Danny Maciocia says he is 99.9% convinced that he will not continue to combine the dual roles of general manager and head coach of the Alouettes next year. He adds with humor that he does not want to commit 100% because the journalists would not fail to put it on his nose if he returned to lead on the sidelines.
Its president Mario Cecchini supports its position. In his opinion, two men are not too many to occupy the two positions.
It remains to find a better man than Maciocia to lead the team, Cecchini said towards the end of the press briefing of one hour in which the duo loaned themselves in the catacombs of the Olympic Stadium, yesterday.
We have the right to think that there is probably one out there somewhere, but he will have to prove that he can do better than Maciocia.
No one-dimensional Americans
The successful candidate will need to have experience in the Canadian Football League, either as a head coach or an assistant, insists Maciocia.
There is therefore no risk of seeing Americans like Dan Hawkin or Mike Sherman again, whose short stays at the helm of the Alouettes turned out to be fiascos.
This is a good thing.
In addition, the next head coach will have to deal with the core of the assistant staff in place, which includes seven members out of a total of eight who have acquired the bulk of their experience in Quebec.
Maintaining the corporate culture
We can only applaud this line of thinking. Quebec coaches no longer have anything to envy their colleagues from other Canadian provinces. They are competent.
In the absence of having Quebec owners, Cecchini and Maciocia have trusted people from here as much as possible since their arrival with the team in 2020.
And there is no going back.
It will continue with the next head coach. “For me, it will be a priority and I have discussed it with Mario,” Maciocia said.
“The important thing is to put the cards on the table to find out if this person is ready to accept such a situation. For me, some things are non-negotiable.
Four names on the table
So that considerably reduces the list of potential candidates.
Maciocia says he has four names on the table. his list, without however specifying the number of those who would come from the organization or from outside.
Two or three of them worked under his orders when he came down from his office as DG to replace Khari Jones in the final season.
For some, Noel Thorpe is a favorite. He doesn't speak French, as far as we know, but Maciocia says he doesn't make the language issue a priority.
Maciocia and Thorpe have known each other for a long time. They worked together with the Edmonton Eskimos and the University of Montreal Carabins before ending up with the Alouettes.
Thorpe is dynamic in his role as defensive coordinator, but he may need to to be in control of your emotions a little better in a position of command.
Calvillo becomes bilingual
Anthony Calvillo can now speak French. He defended himself well during his visit to the Antechamber on Monday evening. The interview was to be done in French and English, but Calvillo spoke more in the language of Molière.
With the ice broken in front of an audience, he should continue to improve. He does not hide that he would like to audition for the job.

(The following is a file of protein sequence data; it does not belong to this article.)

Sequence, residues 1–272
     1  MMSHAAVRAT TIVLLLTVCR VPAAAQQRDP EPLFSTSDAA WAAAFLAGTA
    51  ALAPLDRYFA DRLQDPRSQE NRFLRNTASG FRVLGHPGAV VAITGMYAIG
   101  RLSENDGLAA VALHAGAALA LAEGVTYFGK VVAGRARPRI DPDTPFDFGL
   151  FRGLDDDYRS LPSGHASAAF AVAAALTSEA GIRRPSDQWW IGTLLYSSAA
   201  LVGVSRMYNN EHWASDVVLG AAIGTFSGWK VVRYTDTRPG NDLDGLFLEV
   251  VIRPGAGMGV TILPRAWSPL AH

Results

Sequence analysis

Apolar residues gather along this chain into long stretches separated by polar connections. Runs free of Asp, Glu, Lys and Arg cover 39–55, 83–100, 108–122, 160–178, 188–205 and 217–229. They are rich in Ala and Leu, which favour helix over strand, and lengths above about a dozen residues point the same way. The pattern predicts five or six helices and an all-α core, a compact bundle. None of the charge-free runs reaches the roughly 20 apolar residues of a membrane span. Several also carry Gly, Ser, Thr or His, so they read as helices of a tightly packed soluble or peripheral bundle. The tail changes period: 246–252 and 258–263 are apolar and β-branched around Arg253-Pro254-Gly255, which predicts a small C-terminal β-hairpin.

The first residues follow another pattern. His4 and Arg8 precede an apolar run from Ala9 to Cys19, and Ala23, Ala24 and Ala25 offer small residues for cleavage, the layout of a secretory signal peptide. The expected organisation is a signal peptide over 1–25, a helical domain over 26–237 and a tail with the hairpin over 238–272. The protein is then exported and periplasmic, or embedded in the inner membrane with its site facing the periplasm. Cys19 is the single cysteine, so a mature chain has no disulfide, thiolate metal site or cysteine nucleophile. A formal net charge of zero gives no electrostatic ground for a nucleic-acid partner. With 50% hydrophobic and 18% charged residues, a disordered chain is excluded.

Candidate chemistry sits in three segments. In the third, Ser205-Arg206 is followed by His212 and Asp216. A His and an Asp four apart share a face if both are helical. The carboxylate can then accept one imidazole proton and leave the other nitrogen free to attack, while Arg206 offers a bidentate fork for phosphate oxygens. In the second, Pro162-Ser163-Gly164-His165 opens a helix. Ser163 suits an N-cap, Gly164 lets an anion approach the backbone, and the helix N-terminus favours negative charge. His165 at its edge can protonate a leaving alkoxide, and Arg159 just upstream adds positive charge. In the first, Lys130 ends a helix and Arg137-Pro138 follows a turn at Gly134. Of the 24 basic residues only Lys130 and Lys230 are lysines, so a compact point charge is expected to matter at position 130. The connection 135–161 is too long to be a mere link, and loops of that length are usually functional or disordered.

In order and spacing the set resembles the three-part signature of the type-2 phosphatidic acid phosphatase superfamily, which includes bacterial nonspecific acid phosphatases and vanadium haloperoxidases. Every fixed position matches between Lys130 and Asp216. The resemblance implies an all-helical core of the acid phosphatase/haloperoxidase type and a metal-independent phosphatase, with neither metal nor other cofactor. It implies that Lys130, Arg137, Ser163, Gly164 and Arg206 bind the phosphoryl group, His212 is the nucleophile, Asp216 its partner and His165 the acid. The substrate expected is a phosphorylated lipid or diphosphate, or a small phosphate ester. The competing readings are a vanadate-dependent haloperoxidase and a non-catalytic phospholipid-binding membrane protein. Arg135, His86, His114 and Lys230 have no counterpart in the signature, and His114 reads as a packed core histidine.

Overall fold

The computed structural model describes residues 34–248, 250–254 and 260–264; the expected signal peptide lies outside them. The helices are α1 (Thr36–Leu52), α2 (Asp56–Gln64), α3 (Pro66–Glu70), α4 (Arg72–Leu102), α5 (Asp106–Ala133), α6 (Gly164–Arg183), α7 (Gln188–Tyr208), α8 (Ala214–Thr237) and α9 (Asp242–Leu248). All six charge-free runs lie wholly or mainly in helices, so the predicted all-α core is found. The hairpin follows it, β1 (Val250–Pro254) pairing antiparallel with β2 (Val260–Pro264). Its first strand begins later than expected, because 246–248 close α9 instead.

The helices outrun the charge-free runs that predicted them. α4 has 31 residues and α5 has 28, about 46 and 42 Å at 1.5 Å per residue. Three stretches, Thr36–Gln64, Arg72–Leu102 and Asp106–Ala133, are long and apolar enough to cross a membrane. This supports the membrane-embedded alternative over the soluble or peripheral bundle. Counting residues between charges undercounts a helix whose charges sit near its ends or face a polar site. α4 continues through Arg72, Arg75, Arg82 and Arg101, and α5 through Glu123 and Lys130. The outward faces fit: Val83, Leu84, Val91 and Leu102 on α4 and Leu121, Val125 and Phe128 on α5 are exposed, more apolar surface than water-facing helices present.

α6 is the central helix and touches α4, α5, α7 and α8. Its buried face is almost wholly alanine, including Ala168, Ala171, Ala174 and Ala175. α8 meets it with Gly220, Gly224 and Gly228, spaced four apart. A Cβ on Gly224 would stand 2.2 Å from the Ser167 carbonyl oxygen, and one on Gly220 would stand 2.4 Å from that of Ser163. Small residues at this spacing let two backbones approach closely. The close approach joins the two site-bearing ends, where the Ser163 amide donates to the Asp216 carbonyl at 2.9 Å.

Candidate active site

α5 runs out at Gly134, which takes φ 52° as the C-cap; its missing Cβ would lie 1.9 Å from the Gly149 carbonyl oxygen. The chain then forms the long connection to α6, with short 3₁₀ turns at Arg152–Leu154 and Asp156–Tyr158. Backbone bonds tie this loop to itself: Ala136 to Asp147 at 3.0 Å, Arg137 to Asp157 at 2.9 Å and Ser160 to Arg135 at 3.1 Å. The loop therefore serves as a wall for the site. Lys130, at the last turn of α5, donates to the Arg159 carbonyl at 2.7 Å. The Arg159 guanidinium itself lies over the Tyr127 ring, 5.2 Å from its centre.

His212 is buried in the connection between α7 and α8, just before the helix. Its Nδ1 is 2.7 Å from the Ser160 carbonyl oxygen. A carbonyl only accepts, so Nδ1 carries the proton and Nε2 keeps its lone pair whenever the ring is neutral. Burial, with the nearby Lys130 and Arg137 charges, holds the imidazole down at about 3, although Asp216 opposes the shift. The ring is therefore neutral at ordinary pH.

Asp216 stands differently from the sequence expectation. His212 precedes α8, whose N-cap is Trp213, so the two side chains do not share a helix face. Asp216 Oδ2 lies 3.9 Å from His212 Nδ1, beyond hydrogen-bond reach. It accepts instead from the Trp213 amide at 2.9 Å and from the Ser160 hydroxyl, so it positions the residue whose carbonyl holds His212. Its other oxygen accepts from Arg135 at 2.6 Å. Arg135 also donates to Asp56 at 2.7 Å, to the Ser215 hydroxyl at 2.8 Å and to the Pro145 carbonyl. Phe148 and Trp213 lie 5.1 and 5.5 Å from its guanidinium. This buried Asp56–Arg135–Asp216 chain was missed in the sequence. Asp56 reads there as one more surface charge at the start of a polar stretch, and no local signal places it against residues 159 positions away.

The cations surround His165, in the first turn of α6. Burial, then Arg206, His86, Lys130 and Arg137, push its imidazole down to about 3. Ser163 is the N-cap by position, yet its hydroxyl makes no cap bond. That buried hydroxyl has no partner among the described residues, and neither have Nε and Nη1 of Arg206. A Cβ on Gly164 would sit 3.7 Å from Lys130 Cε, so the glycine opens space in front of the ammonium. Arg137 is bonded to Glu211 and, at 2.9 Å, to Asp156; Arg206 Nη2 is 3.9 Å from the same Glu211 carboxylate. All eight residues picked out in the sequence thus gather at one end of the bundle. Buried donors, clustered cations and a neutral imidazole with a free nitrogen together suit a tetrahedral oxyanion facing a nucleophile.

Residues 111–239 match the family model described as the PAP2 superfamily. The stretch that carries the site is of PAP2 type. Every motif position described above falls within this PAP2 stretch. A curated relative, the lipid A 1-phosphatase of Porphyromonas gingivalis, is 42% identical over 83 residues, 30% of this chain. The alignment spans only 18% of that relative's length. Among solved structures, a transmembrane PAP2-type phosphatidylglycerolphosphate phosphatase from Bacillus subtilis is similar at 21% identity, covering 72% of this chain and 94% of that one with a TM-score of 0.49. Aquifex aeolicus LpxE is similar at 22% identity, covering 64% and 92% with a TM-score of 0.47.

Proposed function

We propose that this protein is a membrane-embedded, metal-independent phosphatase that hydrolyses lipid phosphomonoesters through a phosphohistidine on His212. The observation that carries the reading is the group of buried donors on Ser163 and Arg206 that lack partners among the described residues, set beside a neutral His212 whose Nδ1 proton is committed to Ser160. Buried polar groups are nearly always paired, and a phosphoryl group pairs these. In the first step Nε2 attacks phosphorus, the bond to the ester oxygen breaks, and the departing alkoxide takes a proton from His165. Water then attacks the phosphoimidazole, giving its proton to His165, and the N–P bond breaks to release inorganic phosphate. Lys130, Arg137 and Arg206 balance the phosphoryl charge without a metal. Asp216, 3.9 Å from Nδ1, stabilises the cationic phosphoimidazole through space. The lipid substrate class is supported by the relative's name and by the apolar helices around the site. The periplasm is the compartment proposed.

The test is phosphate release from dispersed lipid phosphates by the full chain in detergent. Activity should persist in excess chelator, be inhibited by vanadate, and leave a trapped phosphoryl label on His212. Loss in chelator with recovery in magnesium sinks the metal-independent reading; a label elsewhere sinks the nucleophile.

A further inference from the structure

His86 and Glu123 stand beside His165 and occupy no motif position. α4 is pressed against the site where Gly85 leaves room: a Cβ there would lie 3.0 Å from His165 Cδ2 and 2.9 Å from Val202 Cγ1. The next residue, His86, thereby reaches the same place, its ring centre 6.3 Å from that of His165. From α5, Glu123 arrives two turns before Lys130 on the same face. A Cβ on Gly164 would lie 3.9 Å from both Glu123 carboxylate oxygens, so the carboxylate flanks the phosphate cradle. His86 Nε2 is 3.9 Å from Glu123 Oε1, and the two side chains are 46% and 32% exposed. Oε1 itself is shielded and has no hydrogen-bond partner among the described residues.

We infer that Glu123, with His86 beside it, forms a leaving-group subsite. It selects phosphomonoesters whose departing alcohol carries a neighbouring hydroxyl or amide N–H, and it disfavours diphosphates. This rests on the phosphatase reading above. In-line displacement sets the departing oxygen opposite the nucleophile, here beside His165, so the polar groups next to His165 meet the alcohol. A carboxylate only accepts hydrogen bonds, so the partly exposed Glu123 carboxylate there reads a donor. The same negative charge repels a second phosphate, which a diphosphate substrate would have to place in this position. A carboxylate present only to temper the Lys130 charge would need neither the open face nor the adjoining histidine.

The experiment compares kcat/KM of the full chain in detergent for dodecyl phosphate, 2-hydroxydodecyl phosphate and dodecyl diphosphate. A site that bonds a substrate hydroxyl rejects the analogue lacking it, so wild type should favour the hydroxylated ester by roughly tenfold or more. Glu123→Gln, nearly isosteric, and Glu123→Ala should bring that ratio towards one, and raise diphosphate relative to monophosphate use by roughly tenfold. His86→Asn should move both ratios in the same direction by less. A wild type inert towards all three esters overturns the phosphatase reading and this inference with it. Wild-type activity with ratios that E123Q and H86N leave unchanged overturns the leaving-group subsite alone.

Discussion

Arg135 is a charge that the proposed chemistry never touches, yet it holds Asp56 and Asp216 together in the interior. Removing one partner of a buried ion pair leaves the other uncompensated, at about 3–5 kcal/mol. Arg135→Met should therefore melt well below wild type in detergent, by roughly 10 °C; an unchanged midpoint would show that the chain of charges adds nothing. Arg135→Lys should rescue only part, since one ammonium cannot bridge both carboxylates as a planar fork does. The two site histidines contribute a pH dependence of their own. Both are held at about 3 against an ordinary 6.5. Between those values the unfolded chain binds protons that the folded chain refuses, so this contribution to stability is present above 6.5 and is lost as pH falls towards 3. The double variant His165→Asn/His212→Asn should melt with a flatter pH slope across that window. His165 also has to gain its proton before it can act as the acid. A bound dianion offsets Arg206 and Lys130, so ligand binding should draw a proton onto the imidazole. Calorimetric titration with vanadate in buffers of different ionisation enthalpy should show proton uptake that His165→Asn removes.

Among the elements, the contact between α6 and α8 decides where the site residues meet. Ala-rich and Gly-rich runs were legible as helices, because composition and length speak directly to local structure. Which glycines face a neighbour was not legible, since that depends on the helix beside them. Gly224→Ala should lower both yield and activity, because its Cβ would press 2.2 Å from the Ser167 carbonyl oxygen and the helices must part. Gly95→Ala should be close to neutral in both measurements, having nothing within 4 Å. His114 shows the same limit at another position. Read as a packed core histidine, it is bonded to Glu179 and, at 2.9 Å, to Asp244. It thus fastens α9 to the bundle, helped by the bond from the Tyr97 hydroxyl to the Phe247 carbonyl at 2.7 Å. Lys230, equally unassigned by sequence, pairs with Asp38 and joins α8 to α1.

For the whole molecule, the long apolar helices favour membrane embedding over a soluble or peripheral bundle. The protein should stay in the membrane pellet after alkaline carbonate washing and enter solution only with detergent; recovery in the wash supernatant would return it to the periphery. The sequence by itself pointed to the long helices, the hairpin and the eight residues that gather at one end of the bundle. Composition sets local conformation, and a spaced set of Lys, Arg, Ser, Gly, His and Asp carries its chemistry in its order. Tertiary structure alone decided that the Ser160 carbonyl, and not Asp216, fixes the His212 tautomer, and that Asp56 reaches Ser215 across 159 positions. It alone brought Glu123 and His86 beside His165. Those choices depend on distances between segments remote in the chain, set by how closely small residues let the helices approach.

Would he be in his place?
The other aspirant working for the Alouettes is André Bolduc, who in addition to taking care of the running backs, has served as assistant to the head coach for the past two years.
As regards the suitors not being part of the organization, an old trucker whispers in my ear the name of Jason Maas.
The latter was the second quarterback of the Edmonton Eskimos, behind Ricky Ray, when this team won the Gray Cup under the management of Maciocia in 2005. The two former accomplices would have hooked atoms.
We should know Maciocia's choice before Christmas.
Who are the owners of the Larks? asked colleague Jean St-Onge loudly to Mario Cecchini yesterday.
The team president replied that the shareholding had not changed since the death of Sid Spiegel. His estate owns 75% of the interest, while his son-in-law Gary Stern owns 25%.
But it is still impossible to know the identity of these people.
Who are they?
All we know is that Mr. Spiegel was the father of four children, grandfather of seven grand
children and great-grandfather of nine great-grandchildren.
Members of his family attended the Alouettes' Eastern semi-final and final games against the Hamilton Tiger-Cats and the Toronto Argonauts.
But they went incognito. They want to remain discreet.
It would be nice if they came out of the shadows one day.
For the moment, everything is going normally in the Alouettes' offices. Capital flows in, employees are paid and bills are met.
But no one knows the Spiegel family's plans.
Does it want to stay in the picture or divest of its interests in the Alouettes now that its patriarch is no more?
Both questions remain unanswered for the moment.
In the notebook
Is it true that Pierre Gervais wrote a book?.. Big mission for the Canadiens between now and the end of the holiday season. He will play 14 of his 19 games on opposing rinks during this period. It will be a good test for the young players on the team… It was no surprise that I learned of the resignation of Éric Bélanger as head coach of the Trois-Rivières Lions. It seems that things have been brewing behind the scenes since the start of the season… What more can we say about Patrice Bergeron who has just crossed the 1000 point mark in the National League? I do not know his plans for his retirement, but it seems to me that he would make a very good manager in the world of hockey. Here's a guy with a solid head on his shoulders.